Our view: Stauber would bring sense, energy to County BoardDNT ENDORSEMENT: Pete Stauber remembers well the lapse of leadership and the moment he knew: He had to run against his St. Louis County Board representative from District 5, an area that includes Proctor, Hermantown and elsewhere just outside Duluth.
Pete Stauber remembers well the lapse of leadership and the moment he knew: He had to run against his St. Louis County Board representative from District 5, an area that includes Proctor, Hermantown and elsewhere just outside Duluth.
In December, less than a week before Christmas, the board was voting to support, or not to support, precious-metals mining. Specifically, the vote was for the “existing, open, transparent and comprehensive environmental review and permitting process in place” and for the “success of these projects, contingent upon the approval of all federal and state environmental permits necessary for these projects to move forward.”
The County Board voted in favor of this new brand of mining and the economic windfall it promises — but hardly overwhelmingly at 4-3. In the minority was Stauber’s representative, Commissioner Peg Sweeney.
Last week at a candidate forum in Duluth, Sweeney insisted she supports mining and “our being able to do it and do it right.” But no mining company had asked the board for a resolution of support, she said. So a vote was “jumping the gun.”
Waiting to be asked to weigh in is hardly being a leader on any issue, especially an issue with the region-altering potential of precious-metals mining.
Stauber is ready to be a proactive, effective, common-sense leader for residents of his District 5. He deserves voters’ support on Nov. 6.
Stauber would bring to the County Board experience, including eight years of effective and productive service on the Hermantown City Council; a strong, positive reputation after working as a community police officer and now as a lieutenant in the Duluth Police Department; and an aggressive, no-nonsense approach to economic development, service delivery, budgeting and other County Board responsibilities.
Stauber already is a generous public servant. In addition to being a police officer, he’s on the advisory board for the Northeast Regional Corrections Center; is a member of the board of Udac, a Duluth nonprofit that helps people with disabilities; and is the Yellow Ribbon coordinator for the city of Duluth, leading efforts to assist those returning from active overseas military duty.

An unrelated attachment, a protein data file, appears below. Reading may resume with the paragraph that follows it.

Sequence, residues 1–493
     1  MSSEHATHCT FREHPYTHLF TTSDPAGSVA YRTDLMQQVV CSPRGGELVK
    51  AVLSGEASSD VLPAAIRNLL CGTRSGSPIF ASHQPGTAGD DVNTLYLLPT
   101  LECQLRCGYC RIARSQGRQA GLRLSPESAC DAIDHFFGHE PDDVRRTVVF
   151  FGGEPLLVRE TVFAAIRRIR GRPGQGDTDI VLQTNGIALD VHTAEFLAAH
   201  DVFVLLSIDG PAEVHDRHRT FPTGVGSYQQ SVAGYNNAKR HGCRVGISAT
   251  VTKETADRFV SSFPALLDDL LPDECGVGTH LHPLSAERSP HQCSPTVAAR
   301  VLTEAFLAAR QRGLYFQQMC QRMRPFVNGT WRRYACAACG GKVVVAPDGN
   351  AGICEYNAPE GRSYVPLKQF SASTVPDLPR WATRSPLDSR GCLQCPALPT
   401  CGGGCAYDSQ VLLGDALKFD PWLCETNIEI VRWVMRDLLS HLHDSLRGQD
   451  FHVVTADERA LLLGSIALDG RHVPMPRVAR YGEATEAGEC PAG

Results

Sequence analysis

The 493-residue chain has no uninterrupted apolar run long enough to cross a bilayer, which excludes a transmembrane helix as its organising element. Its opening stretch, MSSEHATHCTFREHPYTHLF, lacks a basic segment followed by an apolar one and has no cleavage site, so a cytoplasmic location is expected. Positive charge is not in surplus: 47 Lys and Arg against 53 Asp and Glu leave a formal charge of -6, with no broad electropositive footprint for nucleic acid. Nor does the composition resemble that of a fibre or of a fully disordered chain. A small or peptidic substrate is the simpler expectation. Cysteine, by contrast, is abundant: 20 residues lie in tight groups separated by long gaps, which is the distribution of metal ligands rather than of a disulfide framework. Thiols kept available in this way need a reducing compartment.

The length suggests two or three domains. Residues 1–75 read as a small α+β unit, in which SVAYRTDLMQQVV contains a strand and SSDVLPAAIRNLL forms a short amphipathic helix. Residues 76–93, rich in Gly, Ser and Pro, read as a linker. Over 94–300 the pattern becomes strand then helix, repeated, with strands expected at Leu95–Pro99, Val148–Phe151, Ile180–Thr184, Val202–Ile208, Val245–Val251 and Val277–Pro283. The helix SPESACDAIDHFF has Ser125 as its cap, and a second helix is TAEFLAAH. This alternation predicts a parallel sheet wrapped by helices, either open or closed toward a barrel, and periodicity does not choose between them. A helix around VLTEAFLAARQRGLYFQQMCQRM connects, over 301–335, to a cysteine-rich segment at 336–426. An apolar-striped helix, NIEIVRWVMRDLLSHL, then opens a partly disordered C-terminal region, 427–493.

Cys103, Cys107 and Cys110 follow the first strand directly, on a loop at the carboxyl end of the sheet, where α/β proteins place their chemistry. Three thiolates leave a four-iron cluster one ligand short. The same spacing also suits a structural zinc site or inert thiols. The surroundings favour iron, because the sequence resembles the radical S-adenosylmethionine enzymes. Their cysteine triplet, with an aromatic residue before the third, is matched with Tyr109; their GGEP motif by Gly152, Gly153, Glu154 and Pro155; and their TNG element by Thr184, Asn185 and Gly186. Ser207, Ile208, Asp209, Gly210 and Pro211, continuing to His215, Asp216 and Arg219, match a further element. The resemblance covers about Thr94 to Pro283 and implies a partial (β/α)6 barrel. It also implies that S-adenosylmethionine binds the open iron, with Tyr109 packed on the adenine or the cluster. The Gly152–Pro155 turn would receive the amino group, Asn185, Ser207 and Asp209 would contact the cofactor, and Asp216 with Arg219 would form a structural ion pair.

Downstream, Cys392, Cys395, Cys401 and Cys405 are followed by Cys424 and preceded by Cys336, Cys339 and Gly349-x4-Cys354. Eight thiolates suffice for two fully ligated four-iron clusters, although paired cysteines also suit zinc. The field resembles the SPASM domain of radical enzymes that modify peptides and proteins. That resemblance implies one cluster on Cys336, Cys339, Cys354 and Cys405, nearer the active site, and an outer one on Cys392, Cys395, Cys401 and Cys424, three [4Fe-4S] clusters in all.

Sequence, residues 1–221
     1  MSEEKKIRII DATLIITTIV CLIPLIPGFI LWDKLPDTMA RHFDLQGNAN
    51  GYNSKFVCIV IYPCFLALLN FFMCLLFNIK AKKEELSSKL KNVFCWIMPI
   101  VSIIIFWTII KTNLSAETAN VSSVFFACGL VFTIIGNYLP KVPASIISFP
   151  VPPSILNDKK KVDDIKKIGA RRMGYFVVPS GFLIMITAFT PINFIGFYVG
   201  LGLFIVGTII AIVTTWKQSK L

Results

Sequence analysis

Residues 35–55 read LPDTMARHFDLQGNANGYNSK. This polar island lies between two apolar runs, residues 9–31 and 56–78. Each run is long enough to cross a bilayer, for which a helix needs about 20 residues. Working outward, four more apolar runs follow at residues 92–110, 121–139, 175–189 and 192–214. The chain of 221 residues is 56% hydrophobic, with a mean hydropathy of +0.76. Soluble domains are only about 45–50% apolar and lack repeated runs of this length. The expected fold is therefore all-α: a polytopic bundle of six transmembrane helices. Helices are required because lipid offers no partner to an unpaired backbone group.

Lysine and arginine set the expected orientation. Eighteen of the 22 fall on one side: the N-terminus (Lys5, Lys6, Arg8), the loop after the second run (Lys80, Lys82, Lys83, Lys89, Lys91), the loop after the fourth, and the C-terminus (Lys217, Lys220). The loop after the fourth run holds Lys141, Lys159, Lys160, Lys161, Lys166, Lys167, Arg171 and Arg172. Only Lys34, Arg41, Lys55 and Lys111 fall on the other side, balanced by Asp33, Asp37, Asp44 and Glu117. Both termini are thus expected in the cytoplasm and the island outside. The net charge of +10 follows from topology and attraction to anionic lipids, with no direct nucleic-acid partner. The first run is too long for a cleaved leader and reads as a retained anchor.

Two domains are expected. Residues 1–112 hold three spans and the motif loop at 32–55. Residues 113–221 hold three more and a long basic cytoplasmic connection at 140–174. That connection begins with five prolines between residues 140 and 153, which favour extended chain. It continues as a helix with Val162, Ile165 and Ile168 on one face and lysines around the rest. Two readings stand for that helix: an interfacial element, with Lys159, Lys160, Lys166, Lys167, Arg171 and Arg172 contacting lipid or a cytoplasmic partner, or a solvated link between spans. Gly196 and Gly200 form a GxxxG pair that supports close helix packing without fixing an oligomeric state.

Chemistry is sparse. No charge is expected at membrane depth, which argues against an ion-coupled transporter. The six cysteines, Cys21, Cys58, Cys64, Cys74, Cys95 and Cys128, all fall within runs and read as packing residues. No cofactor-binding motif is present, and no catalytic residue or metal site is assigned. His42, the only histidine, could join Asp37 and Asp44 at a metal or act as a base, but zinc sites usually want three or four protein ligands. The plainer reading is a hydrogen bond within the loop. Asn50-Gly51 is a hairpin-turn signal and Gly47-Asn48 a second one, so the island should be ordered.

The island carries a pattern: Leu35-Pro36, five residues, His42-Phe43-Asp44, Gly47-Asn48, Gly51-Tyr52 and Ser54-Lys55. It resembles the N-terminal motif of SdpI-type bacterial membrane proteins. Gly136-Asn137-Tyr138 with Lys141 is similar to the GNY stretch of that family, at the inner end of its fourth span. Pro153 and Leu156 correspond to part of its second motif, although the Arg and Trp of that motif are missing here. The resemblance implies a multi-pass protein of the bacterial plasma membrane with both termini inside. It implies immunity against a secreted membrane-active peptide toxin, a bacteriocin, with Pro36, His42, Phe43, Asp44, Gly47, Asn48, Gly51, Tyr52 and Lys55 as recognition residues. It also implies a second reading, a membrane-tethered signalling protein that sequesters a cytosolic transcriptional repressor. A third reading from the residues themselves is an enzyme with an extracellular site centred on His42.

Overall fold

“I felt there was a lack of leadership on the County Board, and I want to change the direction of the County Board to be able to increase the potential for jobs. I want to make sure we can strengthen accountability in St. Louis County to serve all the residents, and I’m looking forward to the challenges.”
On his opponent’s vote against copper mining, Stauber said, “I don’t know what else the resolution could have said to support the jobs at PolyMet, but to me (her vote was) unconscionable. In St. Louis County we have over an 8 percent unemployment rate. These are jobs that will benefit the community for years. These aren’t temporary jobs. These are permanent jobs for at least two generations-plus.
“We can expand jobs,” Stauber said. “We can create good jobs. And we can do it in an environmentally friendly way. In fact, we will do it in an environmentally friendly way, and we demand it be done that way.”
To Sweeney’s credit, she has been part of a County Board that responded to local government aid cuts and a dismal economy by reducing the size of county government and by spending responsibly while still fixing roads and bridges and still delivering services to vulnerable county residents.
“People say to me, ‘Aw, haven’t you had enough? And I say no. I love what I do. I work hard. I spend lots of hours. This is not a part-time job. This is a very full-time job. If you do it right you’re in constant contact with people throughout your community working on various issues for them.”
After 16 years in office, Sweeney seems to have slipped a little too comfortably into the role of career politician, however, On Nov. 6, voters can pick an energetic, sensible and better-qualified replacement.